I disagree. Adlai’s joke meant he needed more than the “egghead” class to vote for him. It was a sign of humility, not contempt.
Also Al Gore will not lose twice because the Democrats will not nominate him again.
H.L. Mencken had no use for Stevenson’s politics, but had a high opinion of him as a prson.
I’d say Bryan. By settling himself far to the left, Gore risks being broadsided by moderate-liberals like Lieberman or centrist-actors like Kerry – especially when push comes to shove in the Spring of 2004. Considering his conduct over the past few months, however, the former vice president may not even carry enough stature to be a target in the Democrat primaries. If Gore continues to wreath his fiery speeches in hysterical, hyperbolic rhetoric (and fermenting sour grapes) between then and today, he will steadily mince himself into unelectable irrelevance; he’ll become a modern-day Henry Wallace. I don’t even think the Greens would want him, then.
My impression of Adlai was that he was at least a patriotic liberal, ala Moynihan. I remember after Gore’s speech you said something about how Gore was betting his political future on America doing badly. Also, remember how Adlai confronted the Soviets in the UN over the Cuban missiles? I have a hard time picturing Gore in his place.
I agree about the patriotism thing, in the past, leaders of the democratic party were americans first and democrats second, today its the other way around.
Adlai did a great job as UN ambassador during the cuban missle crisis. He was able to put aside his loss in the election(s) and get on with the job of serving the country.
I did have one favorite quote from him on his chances for election:
Advisor: Well sir, you’ve got the intellectual vote
Adlai: Yeah, but I need a majority…
I think Gore is much more like Bryan than
Stevenson. Hes not running to make the United States a better place or to fix a given problem, hes running to win. His platform is himself, as if that was all that mattered.
As the months go by and Bush’s approval rating remains high, the Clintons will assist gladly in giving Gore a shove under the train. It will all be behind the scenes, of course, but they will meet with him a few times and give encouragement, which he will come to realize around 2007 was actually betrayal (again).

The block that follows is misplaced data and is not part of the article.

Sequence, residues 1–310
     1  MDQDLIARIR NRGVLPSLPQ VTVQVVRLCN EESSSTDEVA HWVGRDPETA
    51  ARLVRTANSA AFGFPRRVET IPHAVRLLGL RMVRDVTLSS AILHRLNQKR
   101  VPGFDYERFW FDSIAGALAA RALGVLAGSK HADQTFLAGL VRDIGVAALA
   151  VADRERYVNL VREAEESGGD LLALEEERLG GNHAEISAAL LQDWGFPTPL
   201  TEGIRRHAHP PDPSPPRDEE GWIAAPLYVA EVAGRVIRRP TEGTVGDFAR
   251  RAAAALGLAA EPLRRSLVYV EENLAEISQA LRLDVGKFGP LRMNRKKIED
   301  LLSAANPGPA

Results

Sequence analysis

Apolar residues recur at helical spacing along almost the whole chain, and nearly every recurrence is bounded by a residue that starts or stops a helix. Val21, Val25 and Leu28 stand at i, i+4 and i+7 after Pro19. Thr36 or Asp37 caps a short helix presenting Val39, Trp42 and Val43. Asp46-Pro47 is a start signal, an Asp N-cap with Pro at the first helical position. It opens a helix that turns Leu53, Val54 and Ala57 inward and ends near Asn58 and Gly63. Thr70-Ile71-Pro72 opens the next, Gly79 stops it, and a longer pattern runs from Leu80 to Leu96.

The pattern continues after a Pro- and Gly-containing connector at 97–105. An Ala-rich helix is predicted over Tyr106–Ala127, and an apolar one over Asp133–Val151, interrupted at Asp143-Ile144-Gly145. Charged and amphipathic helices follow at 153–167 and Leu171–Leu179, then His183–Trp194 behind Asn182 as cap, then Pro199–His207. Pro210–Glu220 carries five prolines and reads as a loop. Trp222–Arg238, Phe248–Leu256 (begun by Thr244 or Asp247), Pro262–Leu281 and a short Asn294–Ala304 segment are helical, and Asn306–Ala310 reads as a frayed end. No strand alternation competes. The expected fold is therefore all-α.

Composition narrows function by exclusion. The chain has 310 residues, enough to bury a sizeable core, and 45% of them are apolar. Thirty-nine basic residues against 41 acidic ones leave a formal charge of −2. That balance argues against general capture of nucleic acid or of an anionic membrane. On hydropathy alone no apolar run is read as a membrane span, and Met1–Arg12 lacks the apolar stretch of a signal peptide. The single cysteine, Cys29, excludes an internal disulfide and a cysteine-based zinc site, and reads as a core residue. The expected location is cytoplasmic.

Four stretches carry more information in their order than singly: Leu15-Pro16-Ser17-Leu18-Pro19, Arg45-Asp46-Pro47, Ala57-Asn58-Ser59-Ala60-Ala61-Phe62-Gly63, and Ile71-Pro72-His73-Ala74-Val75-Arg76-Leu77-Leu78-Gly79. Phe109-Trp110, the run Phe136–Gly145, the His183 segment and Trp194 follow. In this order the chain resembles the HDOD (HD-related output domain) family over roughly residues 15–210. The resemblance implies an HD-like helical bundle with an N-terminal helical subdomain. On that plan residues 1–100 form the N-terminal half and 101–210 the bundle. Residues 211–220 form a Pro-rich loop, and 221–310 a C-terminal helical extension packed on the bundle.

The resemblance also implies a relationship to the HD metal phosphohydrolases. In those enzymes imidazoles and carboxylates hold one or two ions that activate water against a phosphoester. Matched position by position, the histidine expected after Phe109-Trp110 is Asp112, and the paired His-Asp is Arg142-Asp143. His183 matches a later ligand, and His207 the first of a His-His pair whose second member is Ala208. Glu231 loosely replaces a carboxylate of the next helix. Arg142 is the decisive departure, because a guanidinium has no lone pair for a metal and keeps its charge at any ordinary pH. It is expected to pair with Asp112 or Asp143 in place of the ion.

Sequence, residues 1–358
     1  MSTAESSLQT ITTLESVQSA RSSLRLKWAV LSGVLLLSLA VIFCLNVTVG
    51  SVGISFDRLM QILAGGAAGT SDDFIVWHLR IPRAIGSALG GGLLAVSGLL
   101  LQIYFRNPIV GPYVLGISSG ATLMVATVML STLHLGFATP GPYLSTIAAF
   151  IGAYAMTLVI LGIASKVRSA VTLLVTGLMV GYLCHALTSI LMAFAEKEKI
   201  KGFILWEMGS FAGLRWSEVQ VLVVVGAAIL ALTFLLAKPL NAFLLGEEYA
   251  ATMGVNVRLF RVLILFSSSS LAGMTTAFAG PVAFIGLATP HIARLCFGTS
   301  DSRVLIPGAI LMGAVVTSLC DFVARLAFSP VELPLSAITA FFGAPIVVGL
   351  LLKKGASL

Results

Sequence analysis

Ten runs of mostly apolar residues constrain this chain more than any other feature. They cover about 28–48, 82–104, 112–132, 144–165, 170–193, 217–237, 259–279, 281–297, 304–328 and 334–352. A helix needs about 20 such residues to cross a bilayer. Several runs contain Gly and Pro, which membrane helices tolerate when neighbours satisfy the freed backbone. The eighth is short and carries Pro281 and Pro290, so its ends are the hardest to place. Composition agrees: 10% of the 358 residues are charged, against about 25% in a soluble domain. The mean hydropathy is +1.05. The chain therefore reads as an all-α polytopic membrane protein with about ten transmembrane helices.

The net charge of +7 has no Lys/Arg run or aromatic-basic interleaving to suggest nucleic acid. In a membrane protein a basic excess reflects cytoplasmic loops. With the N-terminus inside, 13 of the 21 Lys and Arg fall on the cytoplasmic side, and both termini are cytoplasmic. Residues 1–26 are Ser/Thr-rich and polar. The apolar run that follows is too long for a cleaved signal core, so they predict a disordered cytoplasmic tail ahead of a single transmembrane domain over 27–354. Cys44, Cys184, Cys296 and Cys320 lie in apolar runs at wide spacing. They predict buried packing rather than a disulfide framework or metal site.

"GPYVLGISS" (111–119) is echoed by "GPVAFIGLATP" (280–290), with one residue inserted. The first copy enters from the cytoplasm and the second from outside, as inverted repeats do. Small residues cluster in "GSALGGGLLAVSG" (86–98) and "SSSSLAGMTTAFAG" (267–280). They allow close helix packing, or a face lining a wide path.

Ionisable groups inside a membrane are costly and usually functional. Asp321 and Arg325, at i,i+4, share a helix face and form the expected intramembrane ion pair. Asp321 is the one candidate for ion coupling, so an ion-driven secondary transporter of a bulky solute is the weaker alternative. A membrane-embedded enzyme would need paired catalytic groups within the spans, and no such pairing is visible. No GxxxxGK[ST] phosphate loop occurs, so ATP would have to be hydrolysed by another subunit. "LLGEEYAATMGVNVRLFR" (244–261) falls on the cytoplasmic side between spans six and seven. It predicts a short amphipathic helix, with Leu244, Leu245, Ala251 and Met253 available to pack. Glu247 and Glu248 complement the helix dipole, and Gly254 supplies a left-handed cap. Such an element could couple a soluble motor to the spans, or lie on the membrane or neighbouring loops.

Slate thought he did great on Letterman, and declares that a new Al is RFTW (ready for the world). Slate must not have seen Barbara Walters.
BTW, Hillary is on with Chris Matthews on Wed night for the whole hour…might be worth the price of admission.
I vote for Adlai. Bryant with all his defects, was at least a true populist, and a true believer, as well as an electrifying stump speaker. None of this applies to Algore. Also, I don’t quite see Al taking on a modern day Scopes trial. Methinks his newfound contempt of unilateralism, etc is part of a politically comfortable leftward lurch, ie necessarily truly believed.
Adlai, on the other hand, was like Al, a poseur and an insufferable prick, qualities which tend to show up on the campaign trail. Neither is/was as smart as their supposedly dense nemeses (Ike and W) and both they and their supporters lacked the gray matter or objectivity to perceive otherwise. Granted, Adlai at least did not try to be someone he was not, and posessed some positive qualities, but then again so does Al. Lets just keep him away from the kitchen for the next 20 years.
But what if the proper analogy is with Richard Nixon: http://www.amconmag.com/10_21/albert_m_nixon.html
Lloyd, you call Adlai a poser, and then two sentences later say he “did not try to be somone he was not”.
Either one was vastly more intelligent than Gore. The Telluride speech (cross of Gold) was a piece of rabble rousing populism, but it was a BRILLIANT speech, far better than Gore could ever pull off.
The interesting comparison is GWB to McKinley, especially since K Rove is said to have a special interest in McKinley. McK’s campaign slogan, when he ran with Hobart in 96, was “Protection, Sound Money” It’s a good platform today.
Interesting that McKinley is mentioned, since I remember a comment on of my history books from college about WJB that the opposition had basically stolen all of his ideas except free-silver. The quote was something to the effect of “left with the tattered undergarments of free-silver.” Bush’s move to let alot of liberal bills such as steel tariffs and the education bill go through early in his term does the same to Gore.
Ken, good point. However, a “poseur”, as opposed to a “poser” (one who poses) is defined in Websters to include one who is “an affected or insincere person”. While not insincere, I would maintain that Adlai was “affected”. Also, put a “not” in front of my “necessarily…”
Bryan was right about one thing – the US committed a colossal crime against the Philippines.
The US never should have tried nation-building in a thatch of remote islands with no tradition of anti-Americanism. http://1-14th.com/HistPhilInsurrect.htm “insurrection” my foot.
The US should instead have shown up in Manila, said “jolly good show” to Aguinaldo(who’d already trounced the Spaniards outside that town), set up an embassy, and got the troops the hell out. America could have used the Russian-Japanese war of 1905 as its pretext to set up a naval base.
That said, I don’t think Gore has anything similarly constructive to say about Iraq, Afghanistan, or the cracks in his own bath tub.
I agree with you, and disagree with Joanne Jacobs.
As Michael Barone asked, “Can you imagine Roosevelt or Truman making that comment?” Adlai was a snob, and so’s Al Gore.
But in the end, Al’s like the Beatles’ song: “I’m a loser.”